Pr When Is It Time For A Job Change

Are you experiencing tremendous frustration or dissatisfaction at work, and constantly thinking: “I can’t take this anymore. Should I quit”?

See if you can identify with any of these reasons that commonly spur workers to jump ship:


Do you start feeling anxious or depressed on Sunday afternoon as you anticipate returning to work? Do you dread getting up and going to work on Monday? These could be signs that:

  • You are suffering from burnout and experiencing symptoms of physical or emotional exhaustion as a result of prolonged stress and frustration. This could arise from performing duties that are too taxing, such as having to be harassed by unhappy customers, take on heavy workloads, or travel overseas on a regular basis.
  • The office politics are so bad that your morale and work have been badly affected. For example, there are no clear directions for you to follow because you work for a family-owned enterprise where there’s animosity among the family members or a startup where the partners are always at odds over the running of the business.
  • There’s been a change in leadership in your company/department, and you find the new corporate culture/management style too oppressive or unsavoury.


You’re performing the most mundane or repetitive tasks day-in and day-out, and your job scope isn’t likely to change.

There’s not an ounce of enthusiasm left in you. You're perpetually counting the hours and can’t wait to scoot off at the end of the day.

The thought of doing the same thing further down the road fills you with dread, and you know there must be a different path that could bring you more contentment and purpose in your career.


You find yourself constantly worried because you’ve been given new roles or responsibilities that are beyond your capacity. And even though you’ve voiced your constraints, there’s no possibility you’ll get the training or support you need.


The time may be ripe for you to seek greener pastures when:

  • You’re a star performer who has been consistently hitting or exceeding your targets, and yet you haven’t gotten the raise you’ve asked for or the promotion you deserve for far too long.
  • You’ve done well and worked your way up to the top and find there’s little or no room for advancement. This might be the case in smaller companies, where a limited number of high-level positions are available.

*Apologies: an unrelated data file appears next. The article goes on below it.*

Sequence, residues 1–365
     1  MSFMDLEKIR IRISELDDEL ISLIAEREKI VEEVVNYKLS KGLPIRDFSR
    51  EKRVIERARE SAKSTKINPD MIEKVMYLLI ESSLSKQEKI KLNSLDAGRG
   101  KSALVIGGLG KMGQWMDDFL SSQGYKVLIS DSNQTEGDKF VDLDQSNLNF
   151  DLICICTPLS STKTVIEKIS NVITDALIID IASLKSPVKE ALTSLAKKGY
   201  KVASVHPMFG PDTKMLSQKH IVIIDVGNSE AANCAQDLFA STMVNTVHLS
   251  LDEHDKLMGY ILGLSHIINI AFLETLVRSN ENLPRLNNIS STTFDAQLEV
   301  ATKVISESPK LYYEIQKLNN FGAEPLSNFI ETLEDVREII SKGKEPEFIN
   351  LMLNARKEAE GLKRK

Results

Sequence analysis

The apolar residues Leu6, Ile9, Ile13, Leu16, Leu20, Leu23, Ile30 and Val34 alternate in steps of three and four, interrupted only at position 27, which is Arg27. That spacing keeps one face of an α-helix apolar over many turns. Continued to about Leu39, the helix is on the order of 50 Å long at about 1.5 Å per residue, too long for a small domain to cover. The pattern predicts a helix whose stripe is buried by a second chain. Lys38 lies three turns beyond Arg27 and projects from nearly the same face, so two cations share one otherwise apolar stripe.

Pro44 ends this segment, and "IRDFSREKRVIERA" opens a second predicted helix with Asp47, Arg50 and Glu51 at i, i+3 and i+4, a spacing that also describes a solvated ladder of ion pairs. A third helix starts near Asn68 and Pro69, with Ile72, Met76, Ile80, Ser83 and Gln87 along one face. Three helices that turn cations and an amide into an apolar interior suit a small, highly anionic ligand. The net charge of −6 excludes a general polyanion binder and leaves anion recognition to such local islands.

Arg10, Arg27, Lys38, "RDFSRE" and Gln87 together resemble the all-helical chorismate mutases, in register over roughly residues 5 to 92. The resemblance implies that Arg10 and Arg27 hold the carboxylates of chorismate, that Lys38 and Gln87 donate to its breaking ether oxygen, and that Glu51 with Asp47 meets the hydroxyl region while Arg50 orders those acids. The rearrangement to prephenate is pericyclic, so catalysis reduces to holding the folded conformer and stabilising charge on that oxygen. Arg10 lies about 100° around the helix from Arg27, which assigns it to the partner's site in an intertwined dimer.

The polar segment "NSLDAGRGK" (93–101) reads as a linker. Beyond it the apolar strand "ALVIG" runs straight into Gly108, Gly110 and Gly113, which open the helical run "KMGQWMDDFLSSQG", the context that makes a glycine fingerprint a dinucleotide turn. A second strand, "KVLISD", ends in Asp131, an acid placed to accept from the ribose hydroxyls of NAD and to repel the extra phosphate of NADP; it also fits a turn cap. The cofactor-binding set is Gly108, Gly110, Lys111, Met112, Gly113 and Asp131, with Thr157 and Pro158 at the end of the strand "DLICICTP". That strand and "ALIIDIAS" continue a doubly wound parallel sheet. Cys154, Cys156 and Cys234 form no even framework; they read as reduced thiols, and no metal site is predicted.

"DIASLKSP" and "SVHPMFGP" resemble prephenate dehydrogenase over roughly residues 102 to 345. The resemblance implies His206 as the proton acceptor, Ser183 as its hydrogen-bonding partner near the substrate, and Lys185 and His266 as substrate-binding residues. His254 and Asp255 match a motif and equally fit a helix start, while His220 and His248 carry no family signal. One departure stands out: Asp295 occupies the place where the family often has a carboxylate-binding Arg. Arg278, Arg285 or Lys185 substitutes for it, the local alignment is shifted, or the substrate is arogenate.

• You’ve researched competitive salaries for jobs similar to yours and discovered that your company is paying less than the industry average.
  • Your company is in poor financial health and the threat of downsizing and retrenchment is looming.


You’re unfortunate enough to have a boss or co-worker who’s harassing, bullying or making life hell for you in some other way, and there’s very little you can do about it.


Unhappy though you may be, switching job is a huge step to take as you’ll be leaving a familiar environment and venturing into the unknown. So make sure you don’t plunge headlong into another job (which could turn out to be a temporary fix) just because you want to run away from whatever’s bothering you at present.

Daisuke Hara, Senior Manager of RGF Professional Recruitment Japan, cautions against changing jobs without getting sufficient information about the new company and making your decision based primarily on the company’s brand,

 “It is essential for job seekers to obtain as much information as possible about the job and the opportunities for growth before joining a company. We encourage job seekers to ask questions during job interviews, do your research about the company and proactively learn more about the job offer from your recruiters to ensure that your job expectations will be met by your new employer,” he advises.


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In this article:

Daisuke Hara, RGF Professional Recruitment Japan
Daisuke Hara
Senior Manager,
RGF Professional Recruitment Japan




Posted On 2020-01-09